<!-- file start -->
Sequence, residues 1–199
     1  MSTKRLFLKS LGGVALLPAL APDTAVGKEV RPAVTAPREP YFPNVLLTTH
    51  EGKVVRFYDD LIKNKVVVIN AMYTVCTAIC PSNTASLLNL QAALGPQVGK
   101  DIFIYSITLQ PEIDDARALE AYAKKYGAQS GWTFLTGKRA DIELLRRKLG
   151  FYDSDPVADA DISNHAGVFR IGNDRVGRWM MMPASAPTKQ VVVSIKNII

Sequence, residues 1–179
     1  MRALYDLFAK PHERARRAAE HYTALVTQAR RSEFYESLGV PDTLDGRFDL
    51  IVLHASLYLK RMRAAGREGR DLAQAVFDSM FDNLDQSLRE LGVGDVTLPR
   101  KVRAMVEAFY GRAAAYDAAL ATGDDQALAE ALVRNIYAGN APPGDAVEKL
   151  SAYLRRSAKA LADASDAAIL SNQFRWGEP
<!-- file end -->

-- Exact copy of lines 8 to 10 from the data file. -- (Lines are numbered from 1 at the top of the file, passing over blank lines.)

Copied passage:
    51  IVLHASLYLK RMRAAGREGR DLAQAVFDSM FDNLDQSLRE LGVGDVTLPR
   101  KVRAMVEAFY GRAAAYDAAL ATGDDQALAE ALVRNIYAGN APPGDAVEKL
   151  SAYLRRSAKA LADASDAAIL SNQFRWGEP